Quiet seaside town alive on the Pacific coast
Santa Catalina is one of those secluded seaside towns with its own quiet charm. As you stroll through town along one of the two narrow streets, you come across young men with their surfboards under their arms, heading towards the break. Children on bicycles pass, avoiding a dog or two. The Santiago bus arrives and a few backpackers get off, hoisting their loads from the top of the bus.
A van moves forward as the driver announces the fresh produce he is selling from behind. “Piña of hay, melon, sandia and papaya. Hay cebolla, papa, tomato, y repollo, ‘he said over a loudspeaker. Today it has pineapples, cantaloupe, watermelons and papayas, as well as onions, potatoes, tomatoes and cabbage. The road ends at the beach, where you can see locally owned fishing pangas anchored just offshore, and the view stretches out to the endless horizon.
There is more than one Santa Catalina in Panama, and the one I visited is at the southern end of the province of Veraguas. It is located west of the Azuero Peninsula, along the Pacific coast of Panama, near Coiba Island, the largest island in Central America. The southern exposure and protected shoreline originally attracted fishermen looking for tuna, snapper, marlin, sea bass and other specialties. Surfers discovered the consistent breaks decades ago and have kept the area a closely guarded secret. Divers began to visit once Isla Coiba opened as a diving destination in 2005. Today, Santa Catalina still attracts fishermen, surfers and divers, as well as tourists and expats who want to go out. off the beaten track.
To get there, take the Pan-American Highway to Santiago and then head southwest to the town of Soná. The trip from Panama City takes about five hours in a rental car, and there’s a shorter route from David that bypasses Santiago. Regular bus service is reliable and inexpensive between Panama City or David and Santiago, then to Soná and Santa Catalina.
With a full-time population of around 400 and maybe 50 expats, Santa Catalina is very small. The village itself consists of two roads: one brings you into town and takes you to Santa Catalina beach; the other turns left and winds around, ending at Estero Beach. Dive shops, two grocery stores, an elementary school and a few surf shops make up the mall. A number of guesthouses, hostels, hostels and surf camps offer accommodation and a surprising variety and number of restaurants serve good meals.
Until recently, Santa Catalina wasn’t even on anyone’s radar. In recent years, improvements in infrastructure have made it a more passable destination, including more reliable mobile phone and internet services, better roads and promotion of tourism. Still, it takes an adventurous spirit to adjust to life in Santa Catalina – you won’t find fast food, no bank or ATM, no gas station, no deli. You will find a welcoming community in a picturesque seaside location with a laid back lifestyle and a youthful outlook on life.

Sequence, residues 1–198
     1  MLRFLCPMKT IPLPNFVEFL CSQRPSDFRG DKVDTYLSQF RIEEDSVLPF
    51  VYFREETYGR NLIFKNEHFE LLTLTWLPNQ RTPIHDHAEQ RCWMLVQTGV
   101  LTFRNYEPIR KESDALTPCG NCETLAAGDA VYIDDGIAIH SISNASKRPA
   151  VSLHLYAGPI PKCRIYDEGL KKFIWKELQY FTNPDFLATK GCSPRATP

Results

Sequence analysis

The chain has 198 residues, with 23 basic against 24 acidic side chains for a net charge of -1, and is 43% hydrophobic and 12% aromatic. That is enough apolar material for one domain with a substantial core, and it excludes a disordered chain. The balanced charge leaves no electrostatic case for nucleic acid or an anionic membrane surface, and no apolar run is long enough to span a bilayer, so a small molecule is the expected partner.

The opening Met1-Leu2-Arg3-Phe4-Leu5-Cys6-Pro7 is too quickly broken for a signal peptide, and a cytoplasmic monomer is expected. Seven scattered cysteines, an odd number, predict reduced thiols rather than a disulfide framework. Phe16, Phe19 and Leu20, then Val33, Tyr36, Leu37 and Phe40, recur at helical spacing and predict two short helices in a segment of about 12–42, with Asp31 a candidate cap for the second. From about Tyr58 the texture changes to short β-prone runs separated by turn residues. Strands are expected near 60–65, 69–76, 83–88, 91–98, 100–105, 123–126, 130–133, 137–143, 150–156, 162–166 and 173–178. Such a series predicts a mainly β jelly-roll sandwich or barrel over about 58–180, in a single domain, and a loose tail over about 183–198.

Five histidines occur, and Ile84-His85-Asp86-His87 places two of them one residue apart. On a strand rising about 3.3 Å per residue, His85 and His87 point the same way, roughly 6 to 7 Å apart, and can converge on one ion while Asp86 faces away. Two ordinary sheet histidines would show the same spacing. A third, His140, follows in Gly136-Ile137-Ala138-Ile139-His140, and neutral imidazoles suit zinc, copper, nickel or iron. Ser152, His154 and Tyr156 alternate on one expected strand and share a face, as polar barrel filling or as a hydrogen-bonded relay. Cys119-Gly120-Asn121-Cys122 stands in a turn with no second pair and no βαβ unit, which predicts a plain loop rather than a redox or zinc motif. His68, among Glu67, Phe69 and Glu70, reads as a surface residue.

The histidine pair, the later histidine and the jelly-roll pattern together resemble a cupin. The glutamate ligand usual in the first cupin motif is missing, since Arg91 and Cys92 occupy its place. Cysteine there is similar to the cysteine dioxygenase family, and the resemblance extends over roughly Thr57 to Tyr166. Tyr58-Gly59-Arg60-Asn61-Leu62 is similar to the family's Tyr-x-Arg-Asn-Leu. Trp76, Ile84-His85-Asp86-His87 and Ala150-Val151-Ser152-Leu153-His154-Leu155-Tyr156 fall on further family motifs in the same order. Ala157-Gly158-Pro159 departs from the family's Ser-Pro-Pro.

Because it is such a small village, real estate offers are limited and there is no real estate agent in town. Through local contacts, I found a newly built two bedroom, two bathroom home ready to move in, listed for $ 219,000. Built to North American standards, it features granite countertops, wood finishes, an upstairs loft and a private back patio.
Sometimes existing homes come on the market and you might find good value for money if you’re interested in upgrading a typical local home. For a purchase price of around $ 70,000 and an additional investment of around $ 30,000 for renovations, you could have a beautiful two bedroom home on a lot near the beach.
With few new and resale homes on the market, a better option may be to purchase land for your custom home. City lots are available for $ 40,000 or $ 45,000 with larger lots outside of town.
The price depends on the location, of course, with waterfront properties commanding higher prices. For a total investment of $ 150,000 to $ 200,000, you could have your own land with a custom built home in this peaceful seaside town.
Here’s an insider’s tip – it’s a good idea to insure your own water source, such as a well and storage tank. The local water association is informal and you will want to have your own reliable water supply. Also make sure that the location you are interested in has good electrical service and good cell phone reception.
There is a decent range of rentals on offer so you have a place to stay while your dream home is under construction. You’ll find rentals in and around town ranging from $ 350 for basic accommodations to $ 1,000 per month for more attractive locations, utilities included. Expect properties with the most awe-inspiring views to carry the highest price tags.
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